[birding] Hesthavn & Finley NWR; field notes coming up

Joel Geier jgeier at attglobal.net
Sat Jul 8 18:15:17 PDT 2006

Hello folks,

This afternoon I stopped by Corvallis Audubon's Hesthavn sanctuary up 
Oak Creek to turn some grass I scythed for a mini-prairie restoration 
there, and then took a detour past Inavale and Finley NWR on a 
roundabout way home.

Hesthavn is a 5+ acre property along Oak Creek Rd. after it turns to 
gravel, where Corvallis Audubon has converted an old barn into a nature 
education center, and is restoring the property to native habitats. It's 
a pretty birdy spot especially if you like House Wrens. The suet feeder 
by the barn was very active today with Red-breasted Nuthatch, Steller's 
Jays, and two kinds of chickadees in the short time I paid attention. 
Black-headed Grosbeaks, Common Yellowthroats, Swainson's Thrush and 
American Robin were also around.

Inavale School had a few White-crowned Sparrows acting like they might 
be nesting, but otherwise was very quiet. The native plants garden was 
going strong with cinquefoil, yarrow, Oregon geranium, showy milkweed, 
and broad-leaved lupines still going strong. Too bad there won't be any 
kids around to appreciate it next year.

At Finley NWR, a couple of Yellow-headed Blackbird females were still in 
the Remediation Wetland along Bruce Rd, and Western Meadowlarks were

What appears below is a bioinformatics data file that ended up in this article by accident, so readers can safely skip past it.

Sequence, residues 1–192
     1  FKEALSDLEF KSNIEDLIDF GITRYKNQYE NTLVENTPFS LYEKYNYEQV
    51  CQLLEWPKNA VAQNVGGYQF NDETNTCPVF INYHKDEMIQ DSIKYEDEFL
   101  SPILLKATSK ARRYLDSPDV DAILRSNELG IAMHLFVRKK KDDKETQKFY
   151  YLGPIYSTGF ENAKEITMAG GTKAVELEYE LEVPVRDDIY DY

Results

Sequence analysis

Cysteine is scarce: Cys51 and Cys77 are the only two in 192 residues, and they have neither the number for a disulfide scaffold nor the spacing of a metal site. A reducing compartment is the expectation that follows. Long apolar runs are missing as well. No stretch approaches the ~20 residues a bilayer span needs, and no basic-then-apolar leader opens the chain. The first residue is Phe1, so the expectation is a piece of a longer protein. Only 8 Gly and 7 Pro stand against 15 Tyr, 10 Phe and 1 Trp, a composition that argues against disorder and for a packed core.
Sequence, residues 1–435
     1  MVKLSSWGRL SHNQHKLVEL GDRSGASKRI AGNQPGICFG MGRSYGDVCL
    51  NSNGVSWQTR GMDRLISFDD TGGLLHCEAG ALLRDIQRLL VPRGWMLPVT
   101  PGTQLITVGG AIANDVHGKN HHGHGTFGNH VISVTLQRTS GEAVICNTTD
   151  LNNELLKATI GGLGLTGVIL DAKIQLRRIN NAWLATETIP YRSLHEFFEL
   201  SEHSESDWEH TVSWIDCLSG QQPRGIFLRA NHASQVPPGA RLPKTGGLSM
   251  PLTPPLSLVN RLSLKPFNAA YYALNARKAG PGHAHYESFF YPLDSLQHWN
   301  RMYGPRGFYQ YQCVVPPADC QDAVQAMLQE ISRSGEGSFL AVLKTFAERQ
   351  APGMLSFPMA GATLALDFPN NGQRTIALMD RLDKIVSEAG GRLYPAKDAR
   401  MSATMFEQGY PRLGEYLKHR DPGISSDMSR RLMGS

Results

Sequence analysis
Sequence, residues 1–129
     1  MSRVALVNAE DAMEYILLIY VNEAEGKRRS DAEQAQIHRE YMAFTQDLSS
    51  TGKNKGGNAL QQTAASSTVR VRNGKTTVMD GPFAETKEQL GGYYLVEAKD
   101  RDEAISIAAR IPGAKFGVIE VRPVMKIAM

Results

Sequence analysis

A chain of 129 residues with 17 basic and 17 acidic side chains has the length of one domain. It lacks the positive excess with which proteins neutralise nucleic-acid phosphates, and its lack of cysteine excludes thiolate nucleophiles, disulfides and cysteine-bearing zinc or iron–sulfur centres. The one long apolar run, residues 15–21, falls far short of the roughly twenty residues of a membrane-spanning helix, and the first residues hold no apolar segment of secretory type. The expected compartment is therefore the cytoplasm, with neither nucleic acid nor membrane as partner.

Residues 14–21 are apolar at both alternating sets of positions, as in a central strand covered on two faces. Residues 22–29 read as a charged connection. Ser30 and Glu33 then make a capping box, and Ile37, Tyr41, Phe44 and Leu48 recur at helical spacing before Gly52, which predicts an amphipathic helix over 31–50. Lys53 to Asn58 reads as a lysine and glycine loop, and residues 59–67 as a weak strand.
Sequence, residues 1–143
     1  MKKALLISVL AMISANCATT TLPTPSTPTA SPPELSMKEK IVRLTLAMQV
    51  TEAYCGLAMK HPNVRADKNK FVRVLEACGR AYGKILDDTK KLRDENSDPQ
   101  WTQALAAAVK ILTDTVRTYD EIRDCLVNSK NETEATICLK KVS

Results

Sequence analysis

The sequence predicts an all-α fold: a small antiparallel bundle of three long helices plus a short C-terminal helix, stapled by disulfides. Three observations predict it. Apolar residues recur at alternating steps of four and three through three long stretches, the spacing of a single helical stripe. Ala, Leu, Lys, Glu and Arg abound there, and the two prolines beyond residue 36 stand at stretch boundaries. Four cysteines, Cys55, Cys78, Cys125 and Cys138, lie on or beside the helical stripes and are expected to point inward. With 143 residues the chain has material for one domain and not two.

still singing on the prairie by the north entrance.

I walked out a bit on the prairie which is looking very nice after last 
year's burn. One Savannah Sparrow was sitting up and ticking from a 
baldhip rose bush, and a pair of Lazuli Buntings were working the north 
edge. There was quite a bit of a bluish Sidalcea (checkermallow sp.) 
blooming, not sure if it was meadow checkermallow or one of the more 
rare ones. A small Blue (butterfly) floated by, coulda' been a Fender's 
just maybe.

Happy summer birding,

P.S. A reminder to everyone since I know it is easy to forget: The field 
notes deadline for the summer issue of the Chat comes up on Monday. This 
batch of notes will cover everything back to April 25, when  warblers 
were just showing up and it was raining every other day. Hard to think 
back to now, I know.  Thanks to those of you you have already sent in 
summaries.  Late dates for species that left our area in late April or 
May, such as Golden-crowned Sparrows, are especially appreciated.

Joel Geier
jgeier at attglobal.net
tel +1 541 745-5821

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